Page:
July 28, 2013

All about noble sacrifices

WHAT DO YOU KNOW about the Galvanic Series? It sure doesn’t sound very exciting, unless you are a proton or an electron, but it’s of vital importance to boaters. It’s an indication of what metal on your boat is likely to eat some other metal, perhaps a bit that’s keeping the vessel afloat.

Galvanic corrosion begins when two metals far apart in the Galvanic series are connected under water by a conductor. They form a rudimentary electric cell, in which electrolytic corrosion eats away the less “noble” metal. The process even takes place out of water, between, for example, the aluminum in a mast and the stainless-steel screws holding a fitting in place.

Metals close together in the Galvanic Series have little or no reaction with each other, but the farther apart they are, the more vigorous the corrosion. For example, a copper nail that falls into the seawater bilge of an aluminum boat will eventually eat a hole right through it, as the less noble metal, aluminum, corrodes away.

Here is a shortened version of the Galvanic Series, showing the metals most used on boats. It starts with the least noble metals, the ones that will be sacrificed, and ends with the most noble metals, which will be spared:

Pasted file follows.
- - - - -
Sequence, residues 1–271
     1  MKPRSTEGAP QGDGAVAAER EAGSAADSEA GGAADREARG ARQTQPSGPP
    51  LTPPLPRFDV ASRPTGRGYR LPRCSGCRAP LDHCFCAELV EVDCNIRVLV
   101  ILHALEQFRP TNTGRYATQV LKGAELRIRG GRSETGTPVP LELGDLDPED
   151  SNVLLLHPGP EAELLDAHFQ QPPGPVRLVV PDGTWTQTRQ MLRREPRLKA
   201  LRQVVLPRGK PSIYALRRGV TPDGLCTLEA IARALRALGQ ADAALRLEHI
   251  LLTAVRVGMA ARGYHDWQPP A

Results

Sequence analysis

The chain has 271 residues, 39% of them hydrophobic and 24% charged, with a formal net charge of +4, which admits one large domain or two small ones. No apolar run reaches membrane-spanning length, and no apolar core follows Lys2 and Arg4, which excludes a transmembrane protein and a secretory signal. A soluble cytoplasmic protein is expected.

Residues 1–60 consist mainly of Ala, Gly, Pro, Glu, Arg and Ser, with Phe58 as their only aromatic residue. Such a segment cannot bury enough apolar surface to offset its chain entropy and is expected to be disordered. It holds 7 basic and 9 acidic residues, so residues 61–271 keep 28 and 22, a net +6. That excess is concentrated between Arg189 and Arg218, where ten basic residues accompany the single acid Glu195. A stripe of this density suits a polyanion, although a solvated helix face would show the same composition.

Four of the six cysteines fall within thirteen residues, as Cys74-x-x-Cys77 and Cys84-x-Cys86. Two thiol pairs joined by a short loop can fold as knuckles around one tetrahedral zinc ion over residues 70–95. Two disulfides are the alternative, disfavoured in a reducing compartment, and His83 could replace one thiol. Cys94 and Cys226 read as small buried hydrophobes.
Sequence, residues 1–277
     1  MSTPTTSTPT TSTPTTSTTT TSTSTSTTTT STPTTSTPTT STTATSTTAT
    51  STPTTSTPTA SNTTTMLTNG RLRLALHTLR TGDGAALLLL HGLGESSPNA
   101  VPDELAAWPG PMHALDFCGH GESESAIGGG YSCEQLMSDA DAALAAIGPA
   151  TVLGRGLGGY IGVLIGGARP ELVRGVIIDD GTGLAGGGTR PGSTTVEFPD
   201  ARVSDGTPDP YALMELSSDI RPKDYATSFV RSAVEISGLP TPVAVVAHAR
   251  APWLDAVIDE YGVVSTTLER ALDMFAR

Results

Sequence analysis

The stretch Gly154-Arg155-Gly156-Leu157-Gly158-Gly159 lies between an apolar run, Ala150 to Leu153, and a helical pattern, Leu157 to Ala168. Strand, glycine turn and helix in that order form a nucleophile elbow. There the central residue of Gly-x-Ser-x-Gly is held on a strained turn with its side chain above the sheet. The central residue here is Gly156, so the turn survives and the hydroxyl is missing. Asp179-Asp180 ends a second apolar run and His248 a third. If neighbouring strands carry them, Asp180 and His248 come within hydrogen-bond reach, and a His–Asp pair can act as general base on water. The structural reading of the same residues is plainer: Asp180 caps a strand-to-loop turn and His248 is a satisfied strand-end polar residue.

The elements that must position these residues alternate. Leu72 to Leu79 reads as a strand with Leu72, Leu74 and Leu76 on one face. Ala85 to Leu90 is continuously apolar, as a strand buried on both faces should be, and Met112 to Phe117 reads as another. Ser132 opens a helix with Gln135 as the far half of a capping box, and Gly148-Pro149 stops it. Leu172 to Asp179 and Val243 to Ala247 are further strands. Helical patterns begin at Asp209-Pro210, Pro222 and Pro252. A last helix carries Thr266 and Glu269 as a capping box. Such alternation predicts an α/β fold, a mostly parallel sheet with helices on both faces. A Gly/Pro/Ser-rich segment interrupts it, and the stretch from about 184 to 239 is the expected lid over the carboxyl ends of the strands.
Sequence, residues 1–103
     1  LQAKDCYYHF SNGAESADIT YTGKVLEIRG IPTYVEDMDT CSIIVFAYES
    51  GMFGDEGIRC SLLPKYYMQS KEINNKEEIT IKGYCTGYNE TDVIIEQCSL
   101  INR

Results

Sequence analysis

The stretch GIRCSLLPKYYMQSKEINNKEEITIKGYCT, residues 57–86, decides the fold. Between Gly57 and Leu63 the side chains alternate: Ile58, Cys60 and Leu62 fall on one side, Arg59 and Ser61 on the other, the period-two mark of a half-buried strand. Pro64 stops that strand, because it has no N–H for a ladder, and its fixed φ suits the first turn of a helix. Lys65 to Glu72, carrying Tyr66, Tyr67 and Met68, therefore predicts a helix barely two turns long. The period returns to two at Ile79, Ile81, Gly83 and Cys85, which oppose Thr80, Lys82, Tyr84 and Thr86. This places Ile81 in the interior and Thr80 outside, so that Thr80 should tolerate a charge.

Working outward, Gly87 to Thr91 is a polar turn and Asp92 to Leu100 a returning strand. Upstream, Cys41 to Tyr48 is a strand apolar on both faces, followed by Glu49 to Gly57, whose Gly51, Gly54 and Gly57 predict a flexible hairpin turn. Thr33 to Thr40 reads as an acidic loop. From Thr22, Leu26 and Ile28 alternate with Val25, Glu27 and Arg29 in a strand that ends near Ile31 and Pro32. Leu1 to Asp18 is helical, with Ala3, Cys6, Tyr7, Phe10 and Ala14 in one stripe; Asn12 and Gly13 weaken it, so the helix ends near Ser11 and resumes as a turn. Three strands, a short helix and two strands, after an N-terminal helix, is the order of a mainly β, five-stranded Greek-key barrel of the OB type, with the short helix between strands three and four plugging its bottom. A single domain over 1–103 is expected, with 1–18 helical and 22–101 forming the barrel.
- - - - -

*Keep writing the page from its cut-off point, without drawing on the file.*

Mild steel

        Stainless steel (active)








        Stainless steel (passive)     

Note that stainless steel will corrode almost as fast as mild steel in its active state, when it is in still water with no access to oxygen. But when it has a ready supply of oxygen from air or from water, it is passive.

Today’s Thought
True science teaches, above all, to doubt and to be ignorant.
— Manuel de Unamano, The Tragic Sense of Life

Money isn’t everything. In fact, at the end of the month you’ll find it’s nothing at all.

(Drop by every Monday, Wednesday, Friday for a new Mainly about Boats column.)

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